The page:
“No one in the Trump universe is going to believe that any decision to prosecute Mr. Trump would be truly independent of the Attorney General who works for President Biden. That’s plain reality.” — Editorial, Wall Street Journal
Adding a special counsel could cost time the DOJ can’t afford to burn
“The last special counsel investigation of Trump lasted nearly two years, from appointment to an official report. And we still have not seen Mueller’s full report. … Two years is a very long time. In November 2024, we will have a president-elect, maybe Trump himself, who, once in office, could toss this investigation into the dustbin just as House Republicans will do with the January 6 Committee the first moment they can.” — Jennifer Taub, Washington Monthly
Garland is using far too much caution in what should be a straightforward prosecution
“The ‘circumstances’ are simply not that ‘extraordinary’ here. The guy is a private citizen suspected of a crime. That's all he is, no more and no less. There's nothing magical about declaring yourself a candidate for president. You are not then blessed with the magic oil of immunity. That's not a ‘Get Out of Jail Free’ Card.” — Charles P. Pierce, Esquire
The old rules of political independence no longer apply after the Trump era
“Appointing a special counsel to reassure the public of nonpartisanship would be laudable at other times. In late 2022 America, given the need to achieve accountability for a lawless former president, that time is gone. Indeed, appointing a special counsel triggered by the former president’s announcement of his 2024 candidacy would itself appear to put politics over principle.” — Dennis Aftergut and Laurence H. Tribe, Slate
The administration is too conflicted to handle the investigations on its own
“The attorney general doesn’t have to name a special counsel if he decides that would not be in the public interest. But consider: An administration headed by a president who has announced his intention to seek reelection is investigating a former president who just declared he will run again. If this does not constitute an extraordinary circumstance, what would? What lesson would not appointing a special counsel send to future attorneys general? These are serious concerns.” — Ruth Marcus, Washington Post
Having a special counsel makes it harder for Republicans in Congress to interfere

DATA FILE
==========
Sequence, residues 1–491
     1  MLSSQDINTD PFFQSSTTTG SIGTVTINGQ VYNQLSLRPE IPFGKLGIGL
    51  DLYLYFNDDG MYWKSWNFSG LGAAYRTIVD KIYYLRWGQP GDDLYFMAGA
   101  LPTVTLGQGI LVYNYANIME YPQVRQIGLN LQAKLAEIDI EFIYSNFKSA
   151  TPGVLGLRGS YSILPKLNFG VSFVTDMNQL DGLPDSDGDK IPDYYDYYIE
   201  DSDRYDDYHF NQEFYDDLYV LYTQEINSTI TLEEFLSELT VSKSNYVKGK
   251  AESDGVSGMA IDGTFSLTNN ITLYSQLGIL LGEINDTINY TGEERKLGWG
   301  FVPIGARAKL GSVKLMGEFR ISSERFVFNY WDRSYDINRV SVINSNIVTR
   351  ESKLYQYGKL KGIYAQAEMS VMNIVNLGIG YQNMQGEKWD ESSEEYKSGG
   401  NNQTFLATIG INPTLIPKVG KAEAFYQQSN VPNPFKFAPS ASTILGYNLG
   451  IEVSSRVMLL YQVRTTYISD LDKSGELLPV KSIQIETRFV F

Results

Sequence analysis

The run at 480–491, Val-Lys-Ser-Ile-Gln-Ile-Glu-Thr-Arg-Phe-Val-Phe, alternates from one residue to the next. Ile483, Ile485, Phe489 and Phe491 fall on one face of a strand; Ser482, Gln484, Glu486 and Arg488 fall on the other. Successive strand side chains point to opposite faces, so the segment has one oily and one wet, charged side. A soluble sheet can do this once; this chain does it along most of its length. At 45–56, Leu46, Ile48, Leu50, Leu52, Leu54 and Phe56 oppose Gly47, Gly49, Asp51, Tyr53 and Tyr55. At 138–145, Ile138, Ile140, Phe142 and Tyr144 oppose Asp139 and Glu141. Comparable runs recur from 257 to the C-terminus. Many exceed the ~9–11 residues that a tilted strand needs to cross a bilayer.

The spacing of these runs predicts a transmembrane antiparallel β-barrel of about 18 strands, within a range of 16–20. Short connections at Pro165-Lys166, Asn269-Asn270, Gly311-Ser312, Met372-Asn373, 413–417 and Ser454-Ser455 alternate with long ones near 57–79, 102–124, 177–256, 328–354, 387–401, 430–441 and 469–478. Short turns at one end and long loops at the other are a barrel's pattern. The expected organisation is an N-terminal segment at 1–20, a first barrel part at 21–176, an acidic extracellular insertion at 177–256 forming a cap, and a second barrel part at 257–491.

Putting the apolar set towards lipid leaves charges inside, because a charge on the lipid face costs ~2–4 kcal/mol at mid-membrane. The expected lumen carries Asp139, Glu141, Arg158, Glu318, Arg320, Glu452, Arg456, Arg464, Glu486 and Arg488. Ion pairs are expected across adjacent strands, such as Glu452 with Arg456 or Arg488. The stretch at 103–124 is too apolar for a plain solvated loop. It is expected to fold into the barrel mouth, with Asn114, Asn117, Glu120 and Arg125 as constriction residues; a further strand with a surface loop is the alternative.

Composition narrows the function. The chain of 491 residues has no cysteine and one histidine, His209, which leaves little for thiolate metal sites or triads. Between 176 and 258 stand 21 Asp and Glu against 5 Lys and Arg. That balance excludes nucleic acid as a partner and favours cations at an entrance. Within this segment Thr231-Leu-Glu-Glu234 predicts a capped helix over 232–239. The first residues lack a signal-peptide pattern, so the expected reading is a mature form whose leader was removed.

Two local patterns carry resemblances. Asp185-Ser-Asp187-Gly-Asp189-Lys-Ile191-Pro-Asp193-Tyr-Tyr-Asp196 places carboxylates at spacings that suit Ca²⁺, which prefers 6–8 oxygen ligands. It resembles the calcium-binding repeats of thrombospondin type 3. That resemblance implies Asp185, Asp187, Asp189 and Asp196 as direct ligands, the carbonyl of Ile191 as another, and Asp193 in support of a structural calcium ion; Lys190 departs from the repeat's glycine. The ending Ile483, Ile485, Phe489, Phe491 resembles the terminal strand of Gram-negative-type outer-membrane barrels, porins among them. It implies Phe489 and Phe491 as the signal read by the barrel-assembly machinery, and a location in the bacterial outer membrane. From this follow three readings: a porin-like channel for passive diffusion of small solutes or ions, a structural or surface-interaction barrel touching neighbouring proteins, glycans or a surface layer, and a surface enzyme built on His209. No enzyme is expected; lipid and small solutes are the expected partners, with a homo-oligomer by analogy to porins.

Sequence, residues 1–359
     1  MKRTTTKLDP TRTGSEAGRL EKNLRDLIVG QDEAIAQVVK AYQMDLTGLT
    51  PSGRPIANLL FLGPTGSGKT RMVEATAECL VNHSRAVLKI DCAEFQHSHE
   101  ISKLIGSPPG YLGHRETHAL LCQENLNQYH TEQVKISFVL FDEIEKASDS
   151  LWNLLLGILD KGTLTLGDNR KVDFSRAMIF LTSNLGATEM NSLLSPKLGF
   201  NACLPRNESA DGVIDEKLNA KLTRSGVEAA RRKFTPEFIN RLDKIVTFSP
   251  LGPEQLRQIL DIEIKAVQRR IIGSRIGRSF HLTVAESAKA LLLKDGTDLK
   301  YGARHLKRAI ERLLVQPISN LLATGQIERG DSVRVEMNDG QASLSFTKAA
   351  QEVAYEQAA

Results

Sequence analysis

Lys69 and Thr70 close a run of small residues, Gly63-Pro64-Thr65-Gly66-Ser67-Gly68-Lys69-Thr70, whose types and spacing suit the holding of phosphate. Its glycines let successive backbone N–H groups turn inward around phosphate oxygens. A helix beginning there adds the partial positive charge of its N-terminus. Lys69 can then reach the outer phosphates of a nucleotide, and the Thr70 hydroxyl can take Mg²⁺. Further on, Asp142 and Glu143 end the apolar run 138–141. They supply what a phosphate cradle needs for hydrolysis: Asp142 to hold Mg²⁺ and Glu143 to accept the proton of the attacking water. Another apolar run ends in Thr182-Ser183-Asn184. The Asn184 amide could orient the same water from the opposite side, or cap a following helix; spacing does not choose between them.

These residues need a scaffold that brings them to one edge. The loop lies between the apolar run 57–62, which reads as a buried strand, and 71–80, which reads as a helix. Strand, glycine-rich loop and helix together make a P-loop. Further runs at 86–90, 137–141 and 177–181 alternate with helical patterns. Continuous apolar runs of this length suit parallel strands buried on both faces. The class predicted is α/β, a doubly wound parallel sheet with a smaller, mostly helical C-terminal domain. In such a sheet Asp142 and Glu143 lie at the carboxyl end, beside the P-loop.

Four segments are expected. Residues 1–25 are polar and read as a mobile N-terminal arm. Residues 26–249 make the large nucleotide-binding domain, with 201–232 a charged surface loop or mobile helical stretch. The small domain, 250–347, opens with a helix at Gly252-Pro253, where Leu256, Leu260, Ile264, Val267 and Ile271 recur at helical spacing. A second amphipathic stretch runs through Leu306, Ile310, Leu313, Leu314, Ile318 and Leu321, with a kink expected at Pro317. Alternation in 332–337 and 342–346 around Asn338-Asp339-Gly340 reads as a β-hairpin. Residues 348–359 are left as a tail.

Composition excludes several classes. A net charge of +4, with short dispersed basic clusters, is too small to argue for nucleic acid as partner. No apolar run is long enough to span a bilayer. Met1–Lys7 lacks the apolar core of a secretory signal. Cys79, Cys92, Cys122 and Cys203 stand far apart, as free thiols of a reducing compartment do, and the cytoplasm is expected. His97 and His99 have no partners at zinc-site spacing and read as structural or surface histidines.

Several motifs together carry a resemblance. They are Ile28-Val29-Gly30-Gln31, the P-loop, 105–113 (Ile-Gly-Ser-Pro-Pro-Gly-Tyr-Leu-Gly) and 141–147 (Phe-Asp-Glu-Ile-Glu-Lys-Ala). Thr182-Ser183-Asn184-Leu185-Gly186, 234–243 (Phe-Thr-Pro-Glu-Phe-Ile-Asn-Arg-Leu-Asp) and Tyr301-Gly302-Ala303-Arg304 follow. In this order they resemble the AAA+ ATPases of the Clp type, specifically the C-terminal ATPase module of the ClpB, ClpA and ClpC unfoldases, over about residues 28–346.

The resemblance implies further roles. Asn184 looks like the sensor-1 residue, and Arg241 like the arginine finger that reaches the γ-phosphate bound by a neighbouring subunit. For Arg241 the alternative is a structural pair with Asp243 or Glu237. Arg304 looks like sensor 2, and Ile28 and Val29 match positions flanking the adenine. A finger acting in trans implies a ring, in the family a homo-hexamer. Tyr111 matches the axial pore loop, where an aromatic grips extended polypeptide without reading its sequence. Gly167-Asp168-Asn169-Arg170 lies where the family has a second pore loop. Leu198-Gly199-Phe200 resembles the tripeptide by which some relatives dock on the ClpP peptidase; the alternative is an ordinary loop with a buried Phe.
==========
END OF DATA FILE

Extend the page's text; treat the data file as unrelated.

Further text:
“When the new Congress convenes in January, the House Republican caucus will be in the majority. They have stated with unambiguous relish that they intend to investigate Attorney General Merrick Garland and the Department of Justice (DOJ) for all manner of perceived sins. … The appointment provides Garland with a succinct response to his House interrogators. Even if the move is tactical on some level, naming Smith as a special counsel is, on balance, a good decision.” — Michael McAuliffe, South Florida Sun Sentinel
There should be as much distance as possible between Biden and the investigation
“Although it is impossible to remove all hints of bias or conflict, or to depoliticize what will likely be a messy process if Trump is indicted, Smith’s appointment takes President Biden and the office of the presidency as far out of the loop of a Trump prosecution as the law allows. For Garland, it’s the office that counts. He was right to do so.” — Kimberly Wehle, The Bulwark
Smith has a chance to make up for Mueller’s mistakes
“Smith should thus receive less resistance to his work at DOJ than Mueller did. … Let’s hope the scrappy Smith is better prepared for a street fight.” — Barbara McQuade, MSNBC
Smith’s appointment makes it more likely that Trump will eventually be charged
“The job of a career prosecutor like Smith is to make cases. And just like there would be no reason to appoint a special counsel to wind down an investigation, there is no reason for Smith to accept the job unless he intends to try to make one or more chargeable cases.” — Jennifer Rodgers, CNN